So scratch that idea and start again.

Here’s the most common browser on the Web today, holding back companies from doing something would work well for them, something that has been part of a published W3C standard since 1998, and which its Mac OS counterpart has been doing right (modulo those problems with links) for three years.

Of course, that didn’t stop the W3C from using position:fixed in its CSS main page, but that’s an act of chutzpah that I can’t recommend for a corporate intranet using only IE6.

Doors and Windows

Sometimes it seems that certain parts of CSS2 will never be widely used because everyone’s so afraid of things breaking apart in whichever laggard browser they must support. CSS2 selectors are a case in point. The really obvious gaps in IE6’s CSS2 support are in the selectors. We’ve gotten used to using its blindness about selectors to create quick hacks around its other quirks. Who amongst us hasn’t done something like this?

#myDiv {width:100%;}
html>body #myDiv {width:auto;}

There are times when I would really, really like support of the direct-child selector (>), but again, Windows IE lets us down.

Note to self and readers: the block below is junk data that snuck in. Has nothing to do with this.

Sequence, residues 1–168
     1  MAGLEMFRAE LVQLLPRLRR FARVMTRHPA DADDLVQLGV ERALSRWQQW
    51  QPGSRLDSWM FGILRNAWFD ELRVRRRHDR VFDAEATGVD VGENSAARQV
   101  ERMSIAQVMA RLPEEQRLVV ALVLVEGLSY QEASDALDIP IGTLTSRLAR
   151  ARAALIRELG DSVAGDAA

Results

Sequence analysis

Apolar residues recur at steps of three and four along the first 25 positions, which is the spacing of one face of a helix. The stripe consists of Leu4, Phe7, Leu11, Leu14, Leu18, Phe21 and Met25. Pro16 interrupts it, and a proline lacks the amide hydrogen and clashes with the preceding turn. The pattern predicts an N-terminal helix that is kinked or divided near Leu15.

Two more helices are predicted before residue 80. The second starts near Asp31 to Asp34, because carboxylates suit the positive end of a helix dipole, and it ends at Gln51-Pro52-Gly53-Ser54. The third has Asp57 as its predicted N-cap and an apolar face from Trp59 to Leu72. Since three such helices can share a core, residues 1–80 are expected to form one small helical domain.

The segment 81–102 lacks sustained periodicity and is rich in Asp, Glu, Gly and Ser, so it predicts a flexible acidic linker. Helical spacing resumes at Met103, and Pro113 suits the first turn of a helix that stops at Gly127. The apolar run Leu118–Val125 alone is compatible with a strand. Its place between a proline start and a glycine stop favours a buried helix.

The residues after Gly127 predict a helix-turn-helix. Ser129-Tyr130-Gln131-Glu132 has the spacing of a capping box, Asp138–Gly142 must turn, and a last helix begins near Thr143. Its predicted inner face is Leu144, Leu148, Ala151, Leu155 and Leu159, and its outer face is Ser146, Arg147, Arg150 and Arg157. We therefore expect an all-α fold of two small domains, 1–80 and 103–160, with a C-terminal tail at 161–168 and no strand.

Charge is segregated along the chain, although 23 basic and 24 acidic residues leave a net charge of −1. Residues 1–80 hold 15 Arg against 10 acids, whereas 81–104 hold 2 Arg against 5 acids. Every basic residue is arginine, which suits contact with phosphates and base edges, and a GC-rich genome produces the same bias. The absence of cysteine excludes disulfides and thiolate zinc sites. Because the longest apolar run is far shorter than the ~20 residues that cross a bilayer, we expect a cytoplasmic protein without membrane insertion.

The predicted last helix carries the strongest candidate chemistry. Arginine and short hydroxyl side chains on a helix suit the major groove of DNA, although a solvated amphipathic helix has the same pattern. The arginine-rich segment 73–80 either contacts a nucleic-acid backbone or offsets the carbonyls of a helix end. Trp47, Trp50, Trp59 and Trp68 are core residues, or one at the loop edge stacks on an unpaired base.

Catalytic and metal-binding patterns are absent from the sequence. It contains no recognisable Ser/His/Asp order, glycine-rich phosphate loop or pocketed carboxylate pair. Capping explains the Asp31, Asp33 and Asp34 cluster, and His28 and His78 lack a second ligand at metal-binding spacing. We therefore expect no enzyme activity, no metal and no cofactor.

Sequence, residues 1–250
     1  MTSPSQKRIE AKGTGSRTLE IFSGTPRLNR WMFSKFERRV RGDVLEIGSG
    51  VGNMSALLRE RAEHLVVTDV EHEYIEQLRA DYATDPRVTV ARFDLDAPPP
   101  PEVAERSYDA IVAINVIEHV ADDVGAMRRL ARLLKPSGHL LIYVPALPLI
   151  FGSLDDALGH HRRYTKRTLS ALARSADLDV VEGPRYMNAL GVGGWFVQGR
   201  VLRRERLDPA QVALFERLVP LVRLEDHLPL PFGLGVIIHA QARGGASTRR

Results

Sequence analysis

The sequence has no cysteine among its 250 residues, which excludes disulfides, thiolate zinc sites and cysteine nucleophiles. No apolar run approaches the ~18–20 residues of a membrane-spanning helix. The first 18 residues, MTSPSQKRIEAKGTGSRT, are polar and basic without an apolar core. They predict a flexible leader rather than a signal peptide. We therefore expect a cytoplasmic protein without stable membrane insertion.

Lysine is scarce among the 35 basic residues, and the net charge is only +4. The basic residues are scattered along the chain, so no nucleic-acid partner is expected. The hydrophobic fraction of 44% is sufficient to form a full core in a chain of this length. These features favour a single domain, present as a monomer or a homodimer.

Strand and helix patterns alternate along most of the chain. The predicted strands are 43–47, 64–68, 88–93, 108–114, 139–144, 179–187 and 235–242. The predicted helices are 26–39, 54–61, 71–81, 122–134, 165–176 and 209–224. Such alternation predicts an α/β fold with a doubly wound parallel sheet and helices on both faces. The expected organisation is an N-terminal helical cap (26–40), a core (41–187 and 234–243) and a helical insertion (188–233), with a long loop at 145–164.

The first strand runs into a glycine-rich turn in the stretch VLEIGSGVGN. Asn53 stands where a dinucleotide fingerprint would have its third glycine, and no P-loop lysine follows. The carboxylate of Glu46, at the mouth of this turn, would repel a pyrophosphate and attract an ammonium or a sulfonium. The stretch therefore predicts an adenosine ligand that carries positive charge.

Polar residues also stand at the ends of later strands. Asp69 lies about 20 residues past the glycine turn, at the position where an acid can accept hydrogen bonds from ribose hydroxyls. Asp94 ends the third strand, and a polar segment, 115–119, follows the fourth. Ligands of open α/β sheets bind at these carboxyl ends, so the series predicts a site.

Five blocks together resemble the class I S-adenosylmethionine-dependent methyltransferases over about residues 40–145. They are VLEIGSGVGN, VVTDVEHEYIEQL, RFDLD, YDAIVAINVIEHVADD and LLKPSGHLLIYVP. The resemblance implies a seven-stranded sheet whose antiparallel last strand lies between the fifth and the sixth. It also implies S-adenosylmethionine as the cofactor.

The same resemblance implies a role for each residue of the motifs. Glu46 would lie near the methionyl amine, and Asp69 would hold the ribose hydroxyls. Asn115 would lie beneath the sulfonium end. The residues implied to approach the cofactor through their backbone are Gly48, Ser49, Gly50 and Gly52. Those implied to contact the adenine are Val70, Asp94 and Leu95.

Lack of support for the direct-child selector means your stylesheets are more complex and harder to maintain. The intranet project I mentioned earlier used a lot of little callout blocks next to particular headings on long pages. This is an obvious use of floats. We assigned extra padding-right to the main text’s headings, paragraphs and lists to create the illusion of a column for the floats to sit in, rather than running the text right around the floats. But of course that padding also cascaded to the paragraphs and lists in those floated callout boxes, which we then had to override separately. That’s a whole rule block that would not have been necessary if IE6 supported the direct-child selector and allowed us to assign the styles only to the lists and paragraphs directly inside the containing div instead of inheriting to all such elements in the div. Lack of support of this selector added a significant amount of time to my recent project’s prototyping time.